Directors of Education, Superintendents of Business, Trustees and Boards of Directors of Foundations are advised to start thinking now about the impact that the soon-to-be enacted Ontario Not-for-Profit Corporations Act (“ONCA”) will have on their not-for-profit foundation.

The new legislation is widely regarded as a major reform of not-for-profit governance in Ontario. It is aimed at creating greater transparency, accountability, flexibility and efficiency. Boards of Directors will note that there are particularly significant revisions to Members’ rights and Director liability, which we will explore in greater detail in Parts II and III of this series of newsletter articles. Our focus in this issue will be to discuss why school board Foundations should be turning their attention to the implications of the changes soon to be required.

Under the ONCA, any provisions of an organization’s Articles and By-laws, which have not been amended to comply with ONCA requirements within three years of its enactment, will be "deemed" into compliance thereafter.

There are a number of reasons why Foundations should be wary of allowing their governance structure to be dictated by the deeming and default provisions of the ONCA, and why they might instead treat the transition period as an opportunity to incorporate the new features of ONCA while updating their practices in a manner which compliments and serves their strategic plan and organizational vision.

  1. The Opportunity for Clarity

One of the primary purposes of any By-law is to codify the process by which an organization makes decisions and determines its policy direction. A By-law should also offer a means of resolving differences of opinion. The more clearly a By-law is drafted, the more expeditiously a Board of Directors will be able to navigate their way through any disagreement, whether about process or substance.

However, the benefits of a well drafted by-law are undermined when the rules by which matters are decided can be found in multiple additional sources, including the Articles and Supplementary Articles, Roberts Rules of Order, the Corporations Act, the ONCA, and their regulations. Where these documents are not aligned, the potential for misunderstanding can be compounded rather than diminished. The new ONCA provides a solution to this potential problem by providing the framework for developing one comprehensive and ‘user-friendly’ document for Foundation Directors.

  1. The Opportunity for Accuracy and Compliance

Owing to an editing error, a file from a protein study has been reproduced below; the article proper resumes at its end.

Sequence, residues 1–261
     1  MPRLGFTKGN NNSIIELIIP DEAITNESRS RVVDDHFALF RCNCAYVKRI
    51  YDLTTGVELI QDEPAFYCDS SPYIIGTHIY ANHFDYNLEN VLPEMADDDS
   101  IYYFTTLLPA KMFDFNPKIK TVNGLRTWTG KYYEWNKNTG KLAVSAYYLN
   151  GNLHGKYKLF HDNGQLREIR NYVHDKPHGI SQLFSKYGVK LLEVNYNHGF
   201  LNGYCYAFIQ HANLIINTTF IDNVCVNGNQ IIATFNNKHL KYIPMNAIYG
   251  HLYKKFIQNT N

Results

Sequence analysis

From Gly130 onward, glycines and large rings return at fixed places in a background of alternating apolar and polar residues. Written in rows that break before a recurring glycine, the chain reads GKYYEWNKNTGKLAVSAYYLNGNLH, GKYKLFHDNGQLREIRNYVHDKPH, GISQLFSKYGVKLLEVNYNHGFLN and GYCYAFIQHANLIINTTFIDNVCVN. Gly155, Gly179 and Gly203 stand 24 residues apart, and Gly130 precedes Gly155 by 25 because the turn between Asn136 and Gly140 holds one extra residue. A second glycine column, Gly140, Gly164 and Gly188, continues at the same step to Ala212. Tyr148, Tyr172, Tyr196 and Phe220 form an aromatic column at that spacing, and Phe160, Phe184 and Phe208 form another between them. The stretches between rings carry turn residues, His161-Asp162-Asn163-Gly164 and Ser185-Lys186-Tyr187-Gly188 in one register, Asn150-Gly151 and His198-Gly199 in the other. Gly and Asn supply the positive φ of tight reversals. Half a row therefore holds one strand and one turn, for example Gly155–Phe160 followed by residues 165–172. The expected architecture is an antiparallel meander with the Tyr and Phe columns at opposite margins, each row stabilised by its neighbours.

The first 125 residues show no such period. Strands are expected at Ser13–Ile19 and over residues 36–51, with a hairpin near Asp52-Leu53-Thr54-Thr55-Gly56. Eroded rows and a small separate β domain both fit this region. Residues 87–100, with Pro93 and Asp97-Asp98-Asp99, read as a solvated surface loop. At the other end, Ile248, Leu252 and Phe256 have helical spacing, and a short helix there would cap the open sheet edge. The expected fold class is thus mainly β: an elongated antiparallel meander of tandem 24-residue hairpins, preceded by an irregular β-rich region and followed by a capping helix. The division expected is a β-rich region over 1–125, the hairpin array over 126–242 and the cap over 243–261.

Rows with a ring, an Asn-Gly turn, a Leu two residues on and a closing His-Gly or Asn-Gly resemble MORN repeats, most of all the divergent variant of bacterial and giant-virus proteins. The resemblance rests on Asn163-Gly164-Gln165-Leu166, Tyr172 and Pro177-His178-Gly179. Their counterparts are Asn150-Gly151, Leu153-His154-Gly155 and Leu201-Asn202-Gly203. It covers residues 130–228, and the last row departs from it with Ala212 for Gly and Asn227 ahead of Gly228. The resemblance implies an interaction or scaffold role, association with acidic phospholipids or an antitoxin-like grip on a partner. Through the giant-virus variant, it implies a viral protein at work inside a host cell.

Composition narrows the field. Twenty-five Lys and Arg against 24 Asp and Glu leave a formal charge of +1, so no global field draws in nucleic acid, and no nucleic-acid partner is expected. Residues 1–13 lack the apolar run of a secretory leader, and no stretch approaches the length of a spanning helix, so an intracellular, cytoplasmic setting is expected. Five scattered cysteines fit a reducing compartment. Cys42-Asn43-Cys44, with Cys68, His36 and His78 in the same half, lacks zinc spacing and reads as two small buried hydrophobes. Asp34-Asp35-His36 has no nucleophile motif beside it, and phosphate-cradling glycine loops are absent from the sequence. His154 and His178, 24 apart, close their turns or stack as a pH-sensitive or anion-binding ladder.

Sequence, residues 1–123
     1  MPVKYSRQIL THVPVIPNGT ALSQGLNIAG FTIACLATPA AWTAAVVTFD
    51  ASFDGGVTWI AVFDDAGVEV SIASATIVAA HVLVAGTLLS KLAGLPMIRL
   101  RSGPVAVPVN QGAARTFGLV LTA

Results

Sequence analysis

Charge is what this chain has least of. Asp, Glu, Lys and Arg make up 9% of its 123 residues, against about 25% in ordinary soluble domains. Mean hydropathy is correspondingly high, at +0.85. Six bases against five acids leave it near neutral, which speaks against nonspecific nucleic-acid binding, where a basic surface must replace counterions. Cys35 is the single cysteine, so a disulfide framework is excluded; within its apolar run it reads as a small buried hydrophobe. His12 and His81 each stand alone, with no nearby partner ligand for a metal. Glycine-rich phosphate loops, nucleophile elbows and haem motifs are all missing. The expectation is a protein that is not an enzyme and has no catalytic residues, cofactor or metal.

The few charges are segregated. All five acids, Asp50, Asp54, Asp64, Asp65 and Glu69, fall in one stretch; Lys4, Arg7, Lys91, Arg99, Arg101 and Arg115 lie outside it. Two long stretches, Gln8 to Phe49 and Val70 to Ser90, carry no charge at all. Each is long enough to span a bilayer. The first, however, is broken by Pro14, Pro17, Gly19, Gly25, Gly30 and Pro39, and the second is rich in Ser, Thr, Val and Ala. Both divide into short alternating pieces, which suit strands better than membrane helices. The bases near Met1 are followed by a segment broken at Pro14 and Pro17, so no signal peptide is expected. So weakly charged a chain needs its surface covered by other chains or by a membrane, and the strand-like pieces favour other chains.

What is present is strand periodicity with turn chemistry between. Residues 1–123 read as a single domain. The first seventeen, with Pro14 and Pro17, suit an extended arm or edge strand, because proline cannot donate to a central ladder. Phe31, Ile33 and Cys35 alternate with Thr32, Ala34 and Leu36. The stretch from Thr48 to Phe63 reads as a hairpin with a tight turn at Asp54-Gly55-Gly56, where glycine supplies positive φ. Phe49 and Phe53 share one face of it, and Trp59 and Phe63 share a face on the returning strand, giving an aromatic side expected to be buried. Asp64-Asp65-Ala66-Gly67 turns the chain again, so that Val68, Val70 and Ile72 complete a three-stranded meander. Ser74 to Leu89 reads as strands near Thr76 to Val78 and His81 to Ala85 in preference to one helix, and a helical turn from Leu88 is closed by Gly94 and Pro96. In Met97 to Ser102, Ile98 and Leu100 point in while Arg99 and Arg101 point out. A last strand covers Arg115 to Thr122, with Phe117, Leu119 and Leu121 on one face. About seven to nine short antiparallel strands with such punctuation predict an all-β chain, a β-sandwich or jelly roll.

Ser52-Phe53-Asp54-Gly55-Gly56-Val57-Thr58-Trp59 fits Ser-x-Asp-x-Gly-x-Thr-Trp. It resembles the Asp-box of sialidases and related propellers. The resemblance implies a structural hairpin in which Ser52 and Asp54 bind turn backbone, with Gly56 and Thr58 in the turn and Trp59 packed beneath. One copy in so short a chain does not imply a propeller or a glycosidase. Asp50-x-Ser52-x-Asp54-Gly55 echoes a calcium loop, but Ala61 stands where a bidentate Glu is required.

Many Foundations adopt by-laws at the time of incorporation. Unless the content thereafter proves to be blatantly unsuitable or impractical to follow, Boards of Directors typically direct their efforts towards fundraising and supporting students. Over time, By-laws may no longer reflect the practices which evolve with the governance of the Foundation.

This kind of migration from adherence to the By-law rules, which were drafted to comply with statutory requirements and approved by the Board and the Membership, can be problematic. The Foundation could be vulnerable to any Member who might wish to challenge the validity of a decision or the competence of the Directors.

The enactment of the ONCA provides an opportunity for Foundations to review their corporate Objects and By-laws, to ensure that these documents accurately reflect organizational culture and practice within the context of the new statutory regime.

  1. The Opportunity to Customize

A number of sections of the ONCA incorporate standard provisions, qualified by the phrase "unless the articles or by-laws provide otherwise". In other words, if a Board of Directors takes no steps to amend and customize their documents, the default provisions of the ONCA will apply. Relying on these statutory provisions alone, without considering alternatives, is a missed opportunity to include what may be working well, or could work better, for your Foundation.

  1. The Opportunity for Governance Training

Directors often comment that one of the rewards of serving on a volunteer Board of Directors is personal skill development. The introduction of the ONCA is a reminder to Foundations to ensure that they continually build capacity within their organization and meet their professional development mandate. This not only benefits the individual Board members, but also helps retain their services and sustain their commitment.

With so many not-for-profit organizations facing similar challenges, it is an excellent time for groups with similar objects, such as school board Foundations, to pool resources and share training opportunities.